American Electric Power’s (NYSE:AEP) Indiana Michigan Power (I&M) on May 14 said that it is seeking approval of an overall rate increase of about $172m, or 11.75%, via its proposed Innovate Indiana program filed with the Indiana Utility Regulatory Commission.
The Innovate Indiana plan calls for new rates to be phased-in over three steps, with the first occurring in spring 2020, the second on June 1, 2020, and the third in early 2021, I&M said, adding that after it takes full effect, the monthly increase would be $21.11 for a residential customer using 1,000 kWh of electricity per month.
That cost includes a proposed increase in the monthly residential service charge, the company said, noting that its service charge for residential customers is $10.50 per month. The company said that to more accurately reflect the true costs of serving a residential customer, I&M proposes raising the service charge to $15; that service charge is included in – not an addition to – the new rates.
As noted in the company’s May 14 petition, the company seeks commission authority to increase its retail rates and charges for electric service rendered by I&M in Indiana through a phase-in rate adjustment, as well as for approval of related relief including revised depreciation rates; accounting relief; inclusion in rate base of qualified pollution control property and clean energy project; enhancements to the dry sorbent injection (DSI) system; advanced metering infrastructure (AMI); rate adjustment mechanism proposals; and new schedules of rates, rules and regulations.
In its petition, I&M said that since its basic rates and charges were last established, it has continued to make significant capital expenditures for additions, replacements, and improvements to its electric utility system. I&M said that it must continue to invest in modernizing its infrastructure and service offerings to address rapid technological change and evolving customer expectations.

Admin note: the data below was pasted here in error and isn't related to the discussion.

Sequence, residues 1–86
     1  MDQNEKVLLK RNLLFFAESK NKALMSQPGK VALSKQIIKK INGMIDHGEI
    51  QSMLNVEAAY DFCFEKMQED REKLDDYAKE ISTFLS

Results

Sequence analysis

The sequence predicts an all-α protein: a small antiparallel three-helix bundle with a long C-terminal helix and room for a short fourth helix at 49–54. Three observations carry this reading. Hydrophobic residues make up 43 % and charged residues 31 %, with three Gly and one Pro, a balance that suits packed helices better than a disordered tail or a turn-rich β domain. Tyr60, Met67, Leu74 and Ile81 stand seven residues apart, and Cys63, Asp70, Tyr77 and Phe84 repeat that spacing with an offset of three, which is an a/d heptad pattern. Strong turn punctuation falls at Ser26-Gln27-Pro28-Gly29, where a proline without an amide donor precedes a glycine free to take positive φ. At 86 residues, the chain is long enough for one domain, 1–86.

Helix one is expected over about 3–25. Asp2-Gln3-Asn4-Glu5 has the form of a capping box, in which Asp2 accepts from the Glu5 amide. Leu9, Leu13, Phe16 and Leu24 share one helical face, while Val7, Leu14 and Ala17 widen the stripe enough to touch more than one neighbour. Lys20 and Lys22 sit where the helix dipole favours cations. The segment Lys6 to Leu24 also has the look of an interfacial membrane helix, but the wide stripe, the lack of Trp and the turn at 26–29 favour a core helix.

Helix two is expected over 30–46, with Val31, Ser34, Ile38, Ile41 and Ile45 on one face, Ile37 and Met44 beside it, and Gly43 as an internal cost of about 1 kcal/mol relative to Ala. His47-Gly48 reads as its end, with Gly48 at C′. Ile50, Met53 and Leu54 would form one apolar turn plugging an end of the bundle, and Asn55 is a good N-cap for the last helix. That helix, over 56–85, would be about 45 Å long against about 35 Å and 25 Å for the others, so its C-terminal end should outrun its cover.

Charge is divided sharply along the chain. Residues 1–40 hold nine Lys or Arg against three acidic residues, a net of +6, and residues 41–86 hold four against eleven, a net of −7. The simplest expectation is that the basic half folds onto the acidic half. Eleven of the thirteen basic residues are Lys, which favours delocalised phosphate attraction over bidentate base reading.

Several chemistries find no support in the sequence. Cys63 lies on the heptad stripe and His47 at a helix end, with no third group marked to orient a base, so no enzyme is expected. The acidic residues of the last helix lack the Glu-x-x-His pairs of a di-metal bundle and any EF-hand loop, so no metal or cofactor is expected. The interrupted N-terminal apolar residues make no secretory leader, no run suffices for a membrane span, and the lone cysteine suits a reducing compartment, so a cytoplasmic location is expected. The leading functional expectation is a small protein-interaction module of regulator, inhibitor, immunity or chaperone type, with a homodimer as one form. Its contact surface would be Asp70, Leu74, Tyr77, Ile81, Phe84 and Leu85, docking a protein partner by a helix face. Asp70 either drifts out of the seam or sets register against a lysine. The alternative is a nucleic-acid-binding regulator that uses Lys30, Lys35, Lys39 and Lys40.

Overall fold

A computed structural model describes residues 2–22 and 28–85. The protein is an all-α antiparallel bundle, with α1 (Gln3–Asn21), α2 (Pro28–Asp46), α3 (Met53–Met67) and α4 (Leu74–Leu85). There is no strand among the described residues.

The company said that it has, and must continue to, make significant capital expenditures for additions as a result of environmental requirements. I&M further noted that the open access requirements applicable to I&M’s transmission system impose obligations, costs, and risks on I&M as a grid user and operator, and require the way in which those costs are recognized for ratemaking purposes to be updated. At the same time, the company said, I&M faces the challenges of declining customer usage and the expiration of a number of wholesale contracts.
Discussing AMI, for instance, I&M said that AMI deployment is forecast to begin in the 2020 Test Year and continue through 2022, with the majority of I&M’s expenditures taking place in 2021-22.
I&M President and COO Toby Thomas said in the filing that the company proposes to continue many collaborative pilot programs, and that new residential service offerings include a new residential demand metered service pilot that would provide customers an additional service option that may fit their usage profile and allow the company to gain experience with a residential tariff with demand components. That optional pilot would be limited to 4,000 customers, Thomas said.
The company is also proposing the “IM Plugged In” program, which is designed to support the expansion of plug-in electric vehicles at scale by aligning customer incentives for off-peak charging to simultaneously provide benefits to PEV drivers and all I&M customers, Thomas said.
Among other things, the company noted that it participates in PJM Interconnection as a generator, a load serving entity (LSE), as well as a transmission owner, and that there are various charges and credits that the company experiences resulting from each role. I&M said that it pays to use the PJM transmission system, including its own assets, through charges that are based upon I&M’s demand on the system. I&M said that the costs include charges for I&M’s purchase of network integration transmission service (NITS) under the PJM Open Access Transmission Tariff (OATT) to serve its retail customers.
In direct testimony accompanying the filing, Kamran Ali, managing director of transmission planning with American Electric Power Service Corporation, noted that PJM NITS costs are growing primarily due to charges in two accounts, which are billed by PJM to I&M in its role as the LSE for I&M’s native load customers. Charges to those and other NITS accounts will continue to be incurred and are forecast to be about $284.7m – total company – for the test year, Ali said. The increase in NITS charges is being driven by investment in transmission infrastructure, Ali said, adding that the transmission system requires substantial investment to address aging infrastructure, cyber and physical security threats, as well as modernization of protection and control equipment.